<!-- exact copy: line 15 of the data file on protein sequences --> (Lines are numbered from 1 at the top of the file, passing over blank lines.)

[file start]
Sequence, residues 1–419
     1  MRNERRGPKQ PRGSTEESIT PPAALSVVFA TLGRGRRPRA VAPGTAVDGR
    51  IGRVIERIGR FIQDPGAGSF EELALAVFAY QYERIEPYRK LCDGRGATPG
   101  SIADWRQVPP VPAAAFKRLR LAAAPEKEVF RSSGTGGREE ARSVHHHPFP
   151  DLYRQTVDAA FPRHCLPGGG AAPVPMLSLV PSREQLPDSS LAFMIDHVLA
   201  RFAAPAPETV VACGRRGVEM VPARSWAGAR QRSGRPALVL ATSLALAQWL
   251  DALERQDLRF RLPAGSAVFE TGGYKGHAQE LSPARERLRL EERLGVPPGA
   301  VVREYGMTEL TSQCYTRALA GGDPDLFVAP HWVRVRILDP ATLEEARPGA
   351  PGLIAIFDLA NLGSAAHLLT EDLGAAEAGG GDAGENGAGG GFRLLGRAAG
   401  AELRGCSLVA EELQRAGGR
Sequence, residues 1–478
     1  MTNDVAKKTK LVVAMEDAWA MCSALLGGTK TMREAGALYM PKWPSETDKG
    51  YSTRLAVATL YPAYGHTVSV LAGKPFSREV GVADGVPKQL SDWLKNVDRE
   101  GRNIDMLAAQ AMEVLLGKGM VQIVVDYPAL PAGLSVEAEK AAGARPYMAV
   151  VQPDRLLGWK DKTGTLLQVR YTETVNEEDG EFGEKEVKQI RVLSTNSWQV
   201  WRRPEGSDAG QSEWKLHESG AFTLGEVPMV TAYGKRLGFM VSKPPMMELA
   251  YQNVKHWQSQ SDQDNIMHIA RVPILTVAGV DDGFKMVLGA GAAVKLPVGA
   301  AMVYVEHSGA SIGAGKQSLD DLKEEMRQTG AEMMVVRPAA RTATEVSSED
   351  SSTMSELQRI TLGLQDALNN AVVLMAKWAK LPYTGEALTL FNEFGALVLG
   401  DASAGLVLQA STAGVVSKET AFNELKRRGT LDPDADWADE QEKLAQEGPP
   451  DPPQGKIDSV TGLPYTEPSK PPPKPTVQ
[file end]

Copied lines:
   151  VQPDRLLGWK DKTGTLLQVR YTETVNEEDG EFGEKEVKQI RVLSTNSWQV